PCCM apologizes for delays
and clears up allegations
UPDATE: FEBRUARY 5, 2014
Financial details released
WINNIPEG – The Philippine Canadian Centre of Manitoba (PCCM) released financial details today of its Typhoon Haiyan relief fundraising. The organization has been widely criticized in the media due to its delay in sending collected goods and money to the Philippines.
Lou Fernandez, PCCM Spokesperson and Vice President, said in a press release, “The reporting may be untimely but we can assure everyone that every single penny has been accounted for.” He also stated the PCCM and its board of directors “have no malicious intention of defrauding” donors.
Fernandez cited the current difficulties of the PCCM, operating with no paid staff, as part of the reason for the delays. “We have no choice as our priority was to clean up unpaid bills. This should not be seen as an excuse but a situation [in which] we have to sacrifice. We have been relying mainly on volunteers who speak less but work hard and tirelessly.”
In addition to the documentation attached to the press release (see images below), Fernandez promised, “In the coming days, we will also publish a written confirmation from the Philippine Red Cross and Operation Tulong, a relief agency in Manila, to ensure that interested individuals, groups, and members of the media are well informed.”
According to the documentation in the press release, of the $72,416.53 in financial donations the PCCM received, $60,696.53 was wire transferred to the Philippine Red Cross on January 25, 2014. The largest part of the $11,720-difference was due to two dishonoured donor cheques amounting to $8,000. Shipping charges of $3,710 and a bank charge of $10 accounted for the remainder of the expenses.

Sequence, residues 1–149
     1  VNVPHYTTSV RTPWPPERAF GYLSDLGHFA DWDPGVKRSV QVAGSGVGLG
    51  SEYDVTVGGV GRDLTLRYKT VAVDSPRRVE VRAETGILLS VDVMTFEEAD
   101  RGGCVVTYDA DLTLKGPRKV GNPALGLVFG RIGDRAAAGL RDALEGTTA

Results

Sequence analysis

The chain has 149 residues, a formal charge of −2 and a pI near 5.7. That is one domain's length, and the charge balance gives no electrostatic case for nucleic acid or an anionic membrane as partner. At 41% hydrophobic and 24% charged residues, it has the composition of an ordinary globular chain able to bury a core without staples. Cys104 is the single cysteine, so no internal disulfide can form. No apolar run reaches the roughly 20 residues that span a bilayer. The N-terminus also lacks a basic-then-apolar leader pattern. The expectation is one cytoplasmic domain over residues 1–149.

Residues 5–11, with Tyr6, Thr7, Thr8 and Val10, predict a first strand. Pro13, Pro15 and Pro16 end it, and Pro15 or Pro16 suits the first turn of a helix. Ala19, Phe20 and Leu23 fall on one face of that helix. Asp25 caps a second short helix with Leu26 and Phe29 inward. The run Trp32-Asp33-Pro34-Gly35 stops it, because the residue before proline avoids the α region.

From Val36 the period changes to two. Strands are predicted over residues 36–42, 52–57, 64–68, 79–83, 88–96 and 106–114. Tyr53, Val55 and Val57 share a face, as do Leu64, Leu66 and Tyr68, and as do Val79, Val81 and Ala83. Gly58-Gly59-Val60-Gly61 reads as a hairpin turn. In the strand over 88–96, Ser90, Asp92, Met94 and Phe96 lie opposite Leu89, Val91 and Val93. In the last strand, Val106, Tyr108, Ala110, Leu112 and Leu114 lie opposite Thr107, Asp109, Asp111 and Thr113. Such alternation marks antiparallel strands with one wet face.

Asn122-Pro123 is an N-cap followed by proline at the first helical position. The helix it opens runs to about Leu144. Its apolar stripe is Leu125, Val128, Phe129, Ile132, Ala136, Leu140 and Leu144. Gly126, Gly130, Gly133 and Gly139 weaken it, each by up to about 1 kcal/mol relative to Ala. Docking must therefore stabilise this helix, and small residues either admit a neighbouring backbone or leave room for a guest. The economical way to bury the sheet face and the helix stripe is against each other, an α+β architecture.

| Philippine Canadian Centre of Manitoba
Liquidation of Donations Received
|Total Donations Received||$72,416.53
| Returned Cheque #741
|Returned Cheque #743|| $6,324.25
| Bank Charges
| Shipping cost of Relief Goods
($70 per box for 53 boxes)
| Total Cash Transferred to PNRC
|* Shipping Cost of 53 boxes||$3,7010.00|
|Cost of unused boxes ($10 x 2)||$20.00|
|Excess payment (refundable)||$20.00|
|Total Payment (as per receipts)|| $3,750.00
The following is the full text of the PCCM press release issued on January 27, 2014, regarding its Typhoon Haiyan relief efforts.
Typhoon Haiyan Relief Funds sent to Philippine Red Cross
Scanned receipt for wire transfer of $60,696.53 from the PCCM to the Philippine Red Cross dated January 25, 2014
Last week, PCCM volunteers packed and shipped 53 extra-large boxes filled with canned goods, clothing, diapers and other supplies to help those affected by Typhoon Haiyan in the Philippines. Boxes of donated goods were sent to Operation Tulong, a relief organization in the Philippines. PCCM would like to thank the Filipino community and Winnipeggers for generously giving to those in deepest need and for being patient as this massive amount of donations was sorted and packed. There were delays to get boxes to the Philippines as community members dropped off goods throughout all of December. A large number of volunteers were needed to sort and pack donations, and it was difficult getting all of this in place before the holidays.